As the calendar flipped to Jan. 1, the prospect of 2020 was one filled with dreams of a fresh start and hope for the future, as the beginning of a new decade typically brings.
The term “novel coronavirus” had not yet become part of the vocabulary of most Americans, as it seemed a distant reality that an outbreak thought to have originated in a market in Wuhan, China would reach our shores.
Just a year ago, most of us had never heard of “social distancing,” “Zoom meeting,” “contact tracing” or “purple tier.” Today, however, these define our everyday lives, down to the smallest details and activities.
As 2020 draws to a close, we look back at the moments in the pandemic that brought us to where we are now.
Shelter in place
Locally, the Covid-19 pandemic changed almost everybody’s lives overnight on March 17, the date that Santa Clara County Public Health Officer Dr. Sara Cody and six of her colleagues in the Bay Area enacted the first countywide shelter-in-place order.
Immediately, permitted activities were defined as “essential” and “non-essential.”
Retail stores, restaurants, gyms, entertainment venues and hair salons closed—some never to reopen—leaving thousands of South County residents unemployed. By April—after state officials and other counties issued further stay-home directives—more than 4 million residents of California had applied for unemployment benefits.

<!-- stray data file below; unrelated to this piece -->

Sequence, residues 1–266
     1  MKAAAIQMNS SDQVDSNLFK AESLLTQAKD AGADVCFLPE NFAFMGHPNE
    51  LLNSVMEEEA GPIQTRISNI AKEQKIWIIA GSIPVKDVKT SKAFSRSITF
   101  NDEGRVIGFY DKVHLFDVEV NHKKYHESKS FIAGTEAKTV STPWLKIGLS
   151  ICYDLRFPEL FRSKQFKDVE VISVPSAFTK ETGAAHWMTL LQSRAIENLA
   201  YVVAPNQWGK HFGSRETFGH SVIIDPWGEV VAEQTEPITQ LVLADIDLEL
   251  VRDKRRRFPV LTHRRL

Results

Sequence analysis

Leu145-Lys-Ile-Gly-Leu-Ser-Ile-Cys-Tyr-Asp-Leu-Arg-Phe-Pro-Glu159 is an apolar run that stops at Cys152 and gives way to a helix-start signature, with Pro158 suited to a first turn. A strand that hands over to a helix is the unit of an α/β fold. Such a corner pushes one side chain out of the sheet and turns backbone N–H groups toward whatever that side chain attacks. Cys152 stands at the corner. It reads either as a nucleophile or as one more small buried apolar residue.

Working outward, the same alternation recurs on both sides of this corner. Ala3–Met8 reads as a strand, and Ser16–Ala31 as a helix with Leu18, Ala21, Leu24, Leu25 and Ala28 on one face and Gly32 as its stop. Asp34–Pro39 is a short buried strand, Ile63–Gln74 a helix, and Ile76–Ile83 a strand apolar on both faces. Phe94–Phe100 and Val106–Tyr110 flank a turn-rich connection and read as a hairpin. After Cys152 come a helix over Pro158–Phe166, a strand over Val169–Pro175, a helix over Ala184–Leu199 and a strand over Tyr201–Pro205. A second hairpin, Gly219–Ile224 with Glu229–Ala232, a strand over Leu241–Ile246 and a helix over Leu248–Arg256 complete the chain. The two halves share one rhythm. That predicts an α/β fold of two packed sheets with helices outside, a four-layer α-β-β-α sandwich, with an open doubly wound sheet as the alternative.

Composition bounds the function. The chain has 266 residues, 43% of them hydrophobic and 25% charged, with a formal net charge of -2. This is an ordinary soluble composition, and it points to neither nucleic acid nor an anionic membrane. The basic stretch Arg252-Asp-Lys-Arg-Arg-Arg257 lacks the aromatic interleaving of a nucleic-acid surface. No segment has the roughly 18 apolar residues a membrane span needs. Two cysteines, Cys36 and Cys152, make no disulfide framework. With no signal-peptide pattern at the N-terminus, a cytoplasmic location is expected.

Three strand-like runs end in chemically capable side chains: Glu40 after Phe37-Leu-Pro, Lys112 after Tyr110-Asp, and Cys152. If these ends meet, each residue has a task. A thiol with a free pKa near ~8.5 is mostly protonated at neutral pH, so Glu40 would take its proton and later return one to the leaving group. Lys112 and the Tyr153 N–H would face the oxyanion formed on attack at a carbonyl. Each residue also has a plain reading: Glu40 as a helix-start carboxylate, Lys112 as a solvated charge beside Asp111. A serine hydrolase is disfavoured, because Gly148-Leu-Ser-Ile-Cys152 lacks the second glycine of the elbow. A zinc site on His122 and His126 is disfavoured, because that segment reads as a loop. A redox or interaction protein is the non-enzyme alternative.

The pandemic and related shutdowns cut the school year short, sending students home to complete their classes online and graduating seniors to participate in virtual commencement celebrations. Most schools in Santa Clara County still have not reopened, though Morgan Hill Unified School District has begun a pilot program to bring students back to some classrooms with a hybrid remote/in-person model.
In the months that followed the initial shelter-in-place order, county and state officials scrambled through new, emergency pandemic enforcement regimes as they allowed some industries to slowly reopen in a delicate effort to balance economic activity with the rate of Covid-19’s spread.
Since the summertime, face coverings have been required in public settings. Certified Covid-19 protocol checkmarks are posted on the front door of every business that remains open, indicating they are in compliance with social distancing guidelines.